If you offer contradictory reasons for hiring one applicant instead of another, be prepared to explain away the inconstancy. Otherwise, you may be vulnerable to a discrimination lawsuit.
Recent case: Deborah is white and worked as an emergency medical service instructor at a community college. At the time her contract was up, the college was having financial difficulties and decided to cut staffing costs. It offered Deborah a part-time position as an adjunct instructor, teaching the same courses. She accepted.
More than a year later, the college hired a black woman full time for the job Deborah had held. It did so because an accreditation agency required a full-time instructor on the faculty.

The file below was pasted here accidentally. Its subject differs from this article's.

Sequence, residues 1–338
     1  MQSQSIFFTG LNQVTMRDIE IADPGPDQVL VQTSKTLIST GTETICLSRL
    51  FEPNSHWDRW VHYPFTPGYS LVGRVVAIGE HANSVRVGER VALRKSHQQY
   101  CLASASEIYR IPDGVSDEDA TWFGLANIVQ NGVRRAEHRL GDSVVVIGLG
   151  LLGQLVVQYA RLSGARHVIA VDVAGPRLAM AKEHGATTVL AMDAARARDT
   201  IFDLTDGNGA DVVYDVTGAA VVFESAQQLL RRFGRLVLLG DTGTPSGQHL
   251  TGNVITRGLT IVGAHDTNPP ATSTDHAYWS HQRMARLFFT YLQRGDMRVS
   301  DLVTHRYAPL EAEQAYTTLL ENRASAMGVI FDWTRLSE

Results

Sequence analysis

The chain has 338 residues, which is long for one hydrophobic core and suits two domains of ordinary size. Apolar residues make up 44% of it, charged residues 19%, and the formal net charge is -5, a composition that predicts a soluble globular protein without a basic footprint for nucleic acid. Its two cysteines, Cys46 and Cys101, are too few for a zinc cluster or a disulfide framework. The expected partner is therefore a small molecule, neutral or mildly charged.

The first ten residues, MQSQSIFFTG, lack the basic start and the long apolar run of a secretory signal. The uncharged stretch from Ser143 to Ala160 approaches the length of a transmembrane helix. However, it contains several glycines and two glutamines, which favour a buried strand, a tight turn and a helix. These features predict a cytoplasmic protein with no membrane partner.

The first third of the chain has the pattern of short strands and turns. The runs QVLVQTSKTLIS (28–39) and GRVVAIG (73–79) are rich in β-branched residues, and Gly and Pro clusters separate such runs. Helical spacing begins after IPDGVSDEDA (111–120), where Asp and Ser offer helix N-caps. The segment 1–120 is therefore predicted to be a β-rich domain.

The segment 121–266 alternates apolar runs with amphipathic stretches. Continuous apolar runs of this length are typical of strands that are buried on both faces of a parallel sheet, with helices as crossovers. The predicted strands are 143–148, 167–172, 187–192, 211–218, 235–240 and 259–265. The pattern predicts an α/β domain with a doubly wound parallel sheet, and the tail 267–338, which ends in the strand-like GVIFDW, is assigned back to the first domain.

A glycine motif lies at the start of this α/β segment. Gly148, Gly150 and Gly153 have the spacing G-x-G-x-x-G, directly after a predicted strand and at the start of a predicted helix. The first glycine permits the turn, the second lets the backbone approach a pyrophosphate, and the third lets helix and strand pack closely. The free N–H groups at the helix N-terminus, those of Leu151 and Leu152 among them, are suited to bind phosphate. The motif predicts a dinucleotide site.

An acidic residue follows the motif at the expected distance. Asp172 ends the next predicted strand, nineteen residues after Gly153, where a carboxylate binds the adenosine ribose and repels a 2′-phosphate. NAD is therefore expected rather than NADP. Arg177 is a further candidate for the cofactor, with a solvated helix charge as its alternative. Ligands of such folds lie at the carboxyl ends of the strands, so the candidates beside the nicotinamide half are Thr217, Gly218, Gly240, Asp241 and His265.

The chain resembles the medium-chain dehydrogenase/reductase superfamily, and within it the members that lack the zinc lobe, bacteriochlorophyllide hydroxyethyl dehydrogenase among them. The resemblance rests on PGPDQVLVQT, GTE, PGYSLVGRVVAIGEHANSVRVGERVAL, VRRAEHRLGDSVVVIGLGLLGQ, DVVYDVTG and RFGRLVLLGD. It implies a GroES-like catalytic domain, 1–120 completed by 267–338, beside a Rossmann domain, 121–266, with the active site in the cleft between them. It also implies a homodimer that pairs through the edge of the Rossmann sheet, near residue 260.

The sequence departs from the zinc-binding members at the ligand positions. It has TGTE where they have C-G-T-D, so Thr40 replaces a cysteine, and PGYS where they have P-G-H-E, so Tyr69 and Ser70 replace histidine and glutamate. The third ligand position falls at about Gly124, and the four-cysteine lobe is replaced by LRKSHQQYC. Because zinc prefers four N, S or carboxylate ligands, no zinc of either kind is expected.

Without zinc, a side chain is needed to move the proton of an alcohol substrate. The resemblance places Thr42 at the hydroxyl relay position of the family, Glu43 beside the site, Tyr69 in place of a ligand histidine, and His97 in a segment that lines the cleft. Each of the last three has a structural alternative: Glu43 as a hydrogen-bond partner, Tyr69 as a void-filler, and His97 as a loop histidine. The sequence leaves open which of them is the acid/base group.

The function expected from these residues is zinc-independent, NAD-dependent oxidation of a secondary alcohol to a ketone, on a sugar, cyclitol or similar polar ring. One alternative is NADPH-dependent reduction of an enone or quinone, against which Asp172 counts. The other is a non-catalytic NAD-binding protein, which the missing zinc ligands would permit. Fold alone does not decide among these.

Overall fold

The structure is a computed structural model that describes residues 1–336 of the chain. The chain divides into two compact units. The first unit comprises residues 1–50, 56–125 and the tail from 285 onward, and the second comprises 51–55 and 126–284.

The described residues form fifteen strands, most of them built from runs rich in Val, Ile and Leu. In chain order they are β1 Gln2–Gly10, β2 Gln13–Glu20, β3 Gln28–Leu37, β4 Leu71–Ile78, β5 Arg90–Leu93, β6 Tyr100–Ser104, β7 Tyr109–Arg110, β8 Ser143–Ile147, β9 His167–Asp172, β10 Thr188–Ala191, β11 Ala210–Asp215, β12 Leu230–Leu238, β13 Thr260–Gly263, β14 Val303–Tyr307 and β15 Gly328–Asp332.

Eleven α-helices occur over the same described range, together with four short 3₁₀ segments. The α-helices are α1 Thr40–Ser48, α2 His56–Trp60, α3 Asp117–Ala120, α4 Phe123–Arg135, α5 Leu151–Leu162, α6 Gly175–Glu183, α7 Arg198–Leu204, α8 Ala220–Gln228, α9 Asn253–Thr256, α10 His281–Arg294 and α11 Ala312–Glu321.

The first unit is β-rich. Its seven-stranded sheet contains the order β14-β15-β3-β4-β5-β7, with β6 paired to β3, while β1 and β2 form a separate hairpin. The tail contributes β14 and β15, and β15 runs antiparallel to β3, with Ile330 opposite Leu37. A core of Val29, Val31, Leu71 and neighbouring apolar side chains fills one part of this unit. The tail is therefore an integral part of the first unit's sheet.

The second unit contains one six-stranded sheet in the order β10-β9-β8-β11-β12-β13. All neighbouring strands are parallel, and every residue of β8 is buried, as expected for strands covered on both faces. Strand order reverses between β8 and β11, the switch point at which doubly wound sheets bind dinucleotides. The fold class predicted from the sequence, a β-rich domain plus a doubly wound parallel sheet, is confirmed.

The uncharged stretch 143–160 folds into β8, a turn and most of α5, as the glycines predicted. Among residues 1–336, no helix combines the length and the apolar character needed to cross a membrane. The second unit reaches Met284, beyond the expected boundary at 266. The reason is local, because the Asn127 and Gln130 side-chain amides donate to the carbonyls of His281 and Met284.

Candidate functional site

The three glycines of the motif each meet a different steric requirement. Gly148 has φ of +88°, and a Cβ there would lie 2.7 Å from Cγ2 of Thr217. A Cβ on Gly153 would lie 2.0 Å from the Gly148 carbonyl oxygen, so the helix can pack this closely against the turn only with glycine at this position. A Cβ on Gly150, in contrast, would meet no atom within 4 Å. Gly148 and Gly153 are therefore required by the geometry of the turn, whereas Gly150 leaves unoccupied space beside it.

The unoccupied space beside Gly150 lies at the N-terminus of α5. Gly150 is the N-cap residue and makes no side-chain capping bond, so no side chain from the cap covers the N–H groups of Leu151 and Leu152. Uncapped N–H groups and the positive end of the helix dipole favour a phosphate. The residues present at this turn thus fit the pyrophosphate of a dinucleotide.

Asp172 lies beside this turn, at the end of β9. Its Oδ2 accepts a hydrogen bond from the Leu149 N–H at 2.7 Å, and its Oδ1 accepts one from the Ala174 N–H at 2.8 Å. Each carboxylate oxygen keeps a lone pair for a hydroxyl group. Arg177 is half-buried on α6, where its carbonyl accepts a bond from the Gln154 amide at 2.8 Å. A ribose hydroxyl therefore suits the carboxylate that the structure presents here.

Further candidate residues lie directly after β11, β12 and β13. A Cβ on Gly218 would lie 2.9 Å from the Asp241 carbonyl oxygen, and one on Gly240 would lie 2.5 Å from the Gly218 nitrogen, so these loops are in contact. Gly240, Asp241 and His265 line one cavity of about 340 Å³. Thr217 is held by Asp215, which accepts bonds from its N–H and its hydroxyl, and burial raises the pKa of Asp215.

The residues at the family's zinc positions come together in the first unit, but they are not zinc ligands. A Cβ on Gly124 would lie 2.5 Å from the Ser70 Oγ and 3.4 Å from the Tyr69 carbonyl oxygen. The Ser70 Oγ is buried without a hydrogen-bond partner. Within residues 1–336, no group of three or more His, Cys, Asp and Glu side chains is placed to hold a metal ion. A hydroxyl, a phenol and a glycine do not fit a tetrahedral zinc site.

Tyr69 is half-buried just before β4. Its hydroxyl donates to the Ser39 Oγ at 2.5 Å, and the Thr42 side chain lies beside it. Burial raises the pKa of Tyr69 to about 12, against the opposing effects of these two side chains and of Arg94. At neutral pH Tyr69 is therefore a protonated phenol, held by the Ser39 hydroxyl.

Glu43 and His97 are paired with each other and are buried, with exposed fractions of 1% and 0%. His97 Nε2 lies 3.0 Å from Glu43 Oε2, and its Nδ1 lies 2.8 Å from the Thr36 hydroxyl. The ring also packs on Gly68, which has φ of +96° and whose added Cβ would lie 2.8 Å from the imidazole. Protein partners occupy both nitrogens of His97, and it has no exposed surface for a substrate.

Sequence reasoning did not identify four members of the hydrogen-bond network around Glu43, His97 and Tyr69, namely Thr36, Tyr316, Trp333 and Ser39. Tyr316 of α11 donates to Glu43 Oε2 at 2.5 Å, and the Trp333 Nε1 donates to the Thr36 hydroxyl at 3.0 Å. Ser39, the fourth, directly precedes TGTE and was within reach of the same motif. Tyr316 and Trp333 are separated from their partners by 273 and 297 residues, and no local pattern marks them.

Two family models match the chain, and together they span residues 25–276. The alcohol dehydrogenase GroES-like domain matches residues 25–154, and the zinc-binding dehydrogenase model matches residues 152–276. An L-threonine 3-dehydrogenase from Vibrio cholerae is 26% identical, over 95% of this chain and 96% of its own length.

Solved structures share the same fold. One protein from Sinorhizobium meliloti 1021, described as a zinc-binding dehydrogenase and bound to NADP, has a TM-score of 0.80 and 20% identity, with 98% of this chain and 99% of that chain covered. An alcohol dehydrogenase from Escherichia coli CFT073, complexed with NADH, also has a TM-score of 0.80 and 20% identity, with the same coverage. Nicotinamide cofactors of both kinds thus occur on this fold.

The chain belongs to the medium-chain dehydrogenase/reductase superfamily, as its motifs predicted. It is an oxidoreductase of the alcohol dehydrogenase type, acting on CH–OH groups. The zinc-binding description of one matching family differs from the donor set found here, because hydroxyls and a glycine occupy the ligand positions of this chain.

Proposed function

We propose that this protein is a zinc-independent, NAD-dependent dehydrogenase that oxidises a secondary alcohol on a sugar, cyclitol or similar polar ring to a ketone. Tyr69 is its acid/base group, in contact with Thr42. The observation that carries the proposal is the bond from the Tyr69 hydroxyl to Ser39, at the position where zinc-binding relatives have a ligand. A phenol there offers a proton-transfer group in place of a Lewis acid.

Deborah sued, alleging reverse discrimination.
Her argument centered on this contradiction: How could the college say it cut her job to save money, and then spend the same amount on another instructor? That, she claimed, made it clear she was fired for discriminatory reasons.
The court said the moves weren’t contradictory. The college didn’t renew Deborah’s contract because of finances, but then had to hire someone to keep its accreditation, essentially being forced to add someone to thedespite the economic strain. Since that was the only “evidence” Deborah had, her case was dismissed. (Patrick v. Bishop State Community College, No. 11-13009, 11th Cir., 2012)
Final note: The events in this case were a year apart. Had they occurred around the same time, it would have been a closer case.
- How to Fire an Employee the Legal Way: 6 Termination Guidelines
- Be prepared when employees become whistle-blowers
- Justified firing doesn't mean employee can't show harassment
- Promote harmony, prevent hostile environment by adding civility policy to your handbook
- Wellness programs: Does your health-risk questionnaire violate the new genetic-bias law?